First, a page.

Friday, January 20, 2017
You'll never get over this. And that's a good thing.
It's a common fear. That the pain we feel in the wake of betrayal will be something we carry with us forever. And, I suppose, in some ways it is. It does stay with us. But not in the way we imagine.
It stays with us each time we hear about a woman discovering a partner's affair. In that moment, we know her pain in a way that we wouldn't have understood before it happened to us. In that moment, we can reach out to her and take her hand in a way we wouldn't have been able to before. To assure her that she's going to be okay. That she did nothing to deserve this betrayal. That, no matter what happens to her marriage, she is worth fighting for.
It stays with us in the way we remember to never take things for granted. In the way we're able to appreciate the joy in our lives because we never expected to feel that way again. Not ever. So it's sweeter for being unexpected. Sweeter for knowing it won't last. We now know that no feeling lasts forever. Not hurt. Not joy.
It stays with us at weddings when we see wide-eyed couples blithely promise each other that they will forsake all others. We remember that we said those things too. We probably even meant them, if we'd really thought them through. But we know now that promises get broken. That marriage isn't about what was promised that day but the promises we make to each other every day that follows. Promises backed up by hard choices.
It stays with us at funerals when we see, more clearly than at almost any other time, that it's our relationships with those who love us that matters more than anything else. Nobody's sports car shows up at the funeral. Nobody's bank account shows up, or the credentials at the end of their name. What shows up are the people to whom you mattered. The people whose lives will be emptier for the loss of you.
The pain of betrayal shows up when life knocks us down. When we don't get the job. When we're ignored or rejected. When we put on weight. When we get the diagnosis. When we feel stupid for trying. For a moment, we give in to those old beliefs: We're unlovable. We're not enough. Good things are for other people. But then we're reminded of us what betrayal taught us as we healed from its devastation. That we're so much stronger than we ever knew. That we have always been worthy, always been enough, have always deserved good things. That another's inability to see our value is their failure, not ours.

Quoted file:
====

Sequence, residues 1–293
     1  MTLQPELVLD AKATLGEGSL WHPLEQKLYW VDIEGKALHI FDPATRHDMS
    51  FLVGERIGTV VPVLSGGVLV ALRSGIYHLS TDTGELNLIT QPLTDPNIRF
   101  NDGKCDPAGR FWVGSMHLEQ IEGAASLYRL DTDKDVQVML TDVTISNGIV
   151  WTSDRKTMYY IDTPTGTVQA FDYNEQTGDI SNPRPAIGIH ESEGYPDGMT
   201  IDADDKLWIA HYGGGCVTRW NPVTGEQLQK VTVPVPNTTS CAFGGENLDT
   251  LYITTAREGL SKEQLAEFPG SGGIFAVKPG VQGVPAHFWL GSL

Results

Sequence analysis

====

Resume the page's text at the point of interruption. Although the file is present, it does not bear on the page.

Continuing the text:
I'm "over this" in that I don't awake with a knot in my stomach and a dread of the day ahead. I'm "over it" in that I don't fantasize about my husband's death or the brutal murder of the OW. I'm "over it" in that I don't often think about the betrayal itself. But what the betrayal taught me is with me always. I carry those lessons in my heart and they are as much as part of me as what I've learned from being a parent or a daughter or a friend.
I will never stop being a betrayed wife. It's not the whole of who I am but healing from that pain cannot be separated from who I am. There is no part of me where the pain stopped and the old unbetrayed me remained.
I laugh again in a way I never thought I could. I have fun and feel good and celebrate my life in a way I never thought I could.
But I also remember in a way that I always will. I remember that people I love can profoundly disappoint me. I remember that I can only ever control myself and that's all I've ever been able to control, despite my beliefs to the contrary. I remember that I have a deep reservoir of strength that will get me through and that, when it's almost depleted, there is an army of women who will hold me up until I can fight for myself again.
I will never get over that because it was so unexpected – this anonymous support from some women I hardly knew and others I've never met. And it's one of the great lessons of my life.